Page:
The Seahawks have the chance to be a running back by committee and dumpster fire on offense this season for all the reasons I’ve laid out, which is why I am adamantly against paying the premium for Walker. If this team falls behind in games, there’s no telling which RB will even be on the field.

James Cook (BUF): RB38
Rookie running back James Cook has immediate sleeper fantasy appeal across all PPR formats based on his second-round draft capital, pass-catching prowess, explosiveness, and offensive situation. The 5-foot-11, 199-pound running back has more than enough heft to manage a decent workload, especially as a receiver out of the backfield. The 5-foot-7, 203-pound Devin Singletary was the RB3 over the last six weeks of the regular season when the Bills entrenched him as the featured guy. Cook with an ECR of RB44 seems priced closer to their floor than his ceiling considering Round 2 running backs have finished as top-36 running backs more than half the time (55%) since 2013.

Isaiah Spiller (LAC): RB46
The Chargers are no strangers to taking shots on bigger but unathletic running backs on Day 3 of the NFL Draft. Joshua Kelley was the guy in 2020 and Larry Rountree was the guy in 2021. Isaiah Spiller represents the latest rehash of the Chargers trying to find an appropriate thunder to Austin Ekeler‘s lightning, and I for one think Spiller is already the best bet currently on the roster. The former Texas A&M running back has the capacity for three-down spot start duties with an all-encompassing skill set and desirable size – 6-feet and 217 pounds. Spiller should be a solid producer for the Chargers if given the opportunity although his lack of top-notch speed could keep him from being elite. He had only eight carries of 20-plus yards in 2021. But I’d be hard-pressed to ignore his impressive age-adjusted production as one of his most encouraging traits. Since Day 1 at Texas A&M, Spiller has been the lead dog for the Aggies. As a true freshman in 2019, he scored 10 rushing touchdowns and finished 16th in the nation in yards after contact per attempt en route to a 22% dominator rating. The power running back capped off his first year in impressive fashion with back-to-back seasons of 1,000 rushing yards and 100 missed tackles. Spiller also displayed receiving prowess, commanding at least an 8% target share and an average of 25 receptions per season. With Justin Jackson still an unsigned free agent, Spiller looks slated for instant impact in Year 1.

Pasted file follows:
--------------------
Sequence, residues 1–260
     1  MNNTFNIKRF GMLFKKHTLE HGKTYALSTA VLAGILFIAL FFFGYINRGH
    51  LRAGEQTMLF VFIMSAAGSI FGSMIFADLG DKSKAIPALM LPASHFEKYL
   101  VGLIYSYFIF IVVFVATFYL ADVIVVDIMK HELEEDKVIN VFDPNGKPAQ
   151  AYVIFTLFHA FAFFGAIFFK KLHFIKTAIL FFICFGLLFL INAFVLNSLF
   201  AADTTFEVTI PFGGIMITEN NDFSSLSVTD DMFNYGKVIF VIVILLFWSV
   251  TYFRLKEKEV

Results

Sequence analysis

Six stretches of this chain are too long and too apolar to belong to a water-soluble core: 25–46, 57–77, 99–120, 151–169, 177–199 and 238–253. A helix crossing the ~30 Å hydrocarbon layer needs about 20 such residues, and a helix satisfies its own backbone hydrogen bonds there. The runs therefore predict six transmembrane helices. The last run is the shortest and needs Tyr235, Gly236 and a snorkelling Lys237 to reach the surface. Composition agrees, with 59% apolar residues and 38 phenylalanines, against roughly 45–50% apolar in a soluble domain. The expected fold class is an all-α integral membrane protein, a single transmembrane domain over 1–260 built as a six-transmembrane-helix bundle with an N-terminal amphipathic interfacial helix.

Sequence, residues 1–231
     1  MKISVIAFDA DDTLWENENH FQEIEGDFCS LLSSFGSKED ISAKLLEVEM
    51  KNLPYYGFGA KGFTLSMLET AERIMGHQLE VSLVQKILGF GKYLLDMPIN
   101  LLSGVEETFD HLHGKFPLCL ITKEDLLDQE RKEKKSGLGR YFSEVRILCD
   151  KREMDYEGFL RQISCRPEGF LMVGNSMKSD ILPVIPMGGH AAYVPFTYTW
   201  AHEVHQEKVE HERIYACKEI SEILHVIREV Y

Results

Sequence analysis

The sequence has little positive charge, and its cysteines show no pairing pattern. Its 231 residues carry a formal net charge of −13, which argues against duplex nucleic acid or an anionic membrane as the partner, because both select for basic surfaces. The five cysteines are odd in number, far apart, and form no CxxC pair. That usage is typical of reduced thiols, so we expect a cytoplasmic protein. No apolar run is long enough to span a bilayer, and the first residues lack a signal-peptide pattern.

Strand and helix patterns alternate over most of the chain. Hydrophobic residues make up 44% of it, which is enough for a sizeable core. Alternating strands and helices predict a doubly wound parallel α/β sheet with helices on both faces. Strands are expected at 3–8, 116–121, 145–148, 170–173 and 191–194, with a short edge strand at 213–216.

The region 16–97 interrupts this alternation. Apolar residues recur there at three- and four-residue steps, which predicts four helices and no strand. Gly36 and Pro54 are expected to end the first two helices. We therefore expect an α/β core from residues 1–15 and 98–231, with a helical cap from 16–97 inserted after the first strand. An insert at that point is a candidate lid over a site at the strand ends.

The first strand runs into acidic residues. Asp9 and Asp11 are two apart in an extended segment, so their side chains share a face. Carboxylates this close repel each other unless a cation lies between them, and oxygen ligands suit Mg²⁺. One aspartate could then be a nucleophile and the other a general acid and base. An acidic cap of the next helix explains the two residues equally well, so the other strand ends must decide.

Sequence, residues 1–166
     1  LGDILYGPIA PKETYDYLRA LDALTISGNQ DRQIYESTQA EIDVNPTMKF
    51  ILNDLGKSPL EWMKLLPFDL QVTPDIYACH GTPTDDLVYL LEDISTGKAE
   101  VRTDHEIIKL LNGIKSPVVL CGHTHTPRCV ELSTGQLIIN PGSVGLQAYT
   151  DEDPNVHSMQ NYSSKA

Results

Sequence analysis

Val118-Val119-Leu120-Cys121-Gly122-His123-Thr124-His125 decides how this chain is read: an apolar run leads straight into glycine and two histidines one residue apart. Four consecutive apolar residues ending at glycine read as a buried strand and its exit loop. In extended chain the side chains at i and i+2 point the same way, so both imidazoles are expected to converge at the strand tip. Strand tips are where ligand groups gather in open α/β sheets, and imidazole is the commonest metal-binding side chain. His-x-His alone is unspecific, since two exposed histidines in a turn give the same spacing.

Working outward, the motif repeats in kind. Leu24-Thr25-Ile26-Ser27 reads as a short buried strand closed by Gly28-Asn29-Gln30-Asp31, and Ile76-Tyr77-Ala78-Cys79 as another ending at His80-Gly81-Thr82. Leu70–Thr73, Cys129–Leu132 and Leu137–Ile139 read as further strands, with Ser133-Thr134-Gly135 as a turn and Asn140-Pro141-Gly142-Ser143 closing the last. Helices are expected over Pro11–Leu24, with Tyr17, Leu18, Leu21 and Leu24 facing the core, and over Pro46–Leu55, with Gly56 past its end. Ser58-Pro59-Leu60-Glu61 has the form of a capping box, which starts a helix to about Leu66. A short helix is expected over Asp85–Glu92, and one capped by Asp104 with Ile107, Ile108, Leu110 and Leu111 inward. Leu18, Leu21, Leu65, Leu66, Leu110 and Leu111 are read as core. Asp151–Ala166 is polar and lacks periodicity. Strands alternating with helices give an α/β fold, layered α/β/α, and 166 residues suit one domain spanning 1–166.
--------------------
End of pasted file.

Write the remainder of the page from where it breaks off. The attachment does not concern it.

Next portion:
Dameon Pierce (HOU): RB47